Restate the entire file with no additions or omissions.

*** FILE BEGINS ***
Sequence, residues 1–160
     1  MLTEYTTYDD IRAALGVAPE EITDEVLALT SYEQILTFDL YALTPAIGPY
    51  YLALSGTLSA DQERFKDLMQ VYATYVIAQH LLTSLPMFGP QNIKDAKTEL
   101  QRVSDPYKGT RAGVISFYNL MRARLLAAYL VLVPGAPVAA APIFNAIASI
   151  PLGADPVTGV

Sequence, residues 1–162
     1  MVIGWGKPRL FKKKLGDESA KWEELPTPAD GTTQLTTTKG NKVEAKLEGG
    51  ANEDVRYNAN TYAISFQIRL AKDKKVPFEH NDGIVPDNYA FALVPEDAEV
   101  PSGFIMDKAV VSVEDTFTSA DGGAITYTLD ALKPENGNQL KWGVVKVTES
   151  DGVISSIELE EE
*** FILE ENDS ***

Sequence, residues 1–160
     1  MLTEYTTYDD IRAALGVAPE EITDEVLALT SYEQILTFDL YALTPAIGPY
    51  YLALSGTLSA DQERFKDLMQ VYATYVIAQH LLTSLPMFGP QNIKDAKTEL
   101  QRVSDPYKGT RAGVISFYNL MRARLLAAYL VLVPGAPVAA APIFNAIASI
   151  PLGADPVTGV

Sequence, residues 1–162
     1  MVIGWGKPRL FKKKLGDESA KWEELPTPAD GTTQLTTTKG NKVEAKLEGG
    51  ANEDVRYNAN TYAISFQIRL AKDKKVPFEH NDGIVPDNYA FALVPEDAEV
   101  PSGFIMDKAV VSVEDTFTSA DGGAITYTLD ALKPENGNQL KWGVVKVTES
   151  DGVISSIELE EE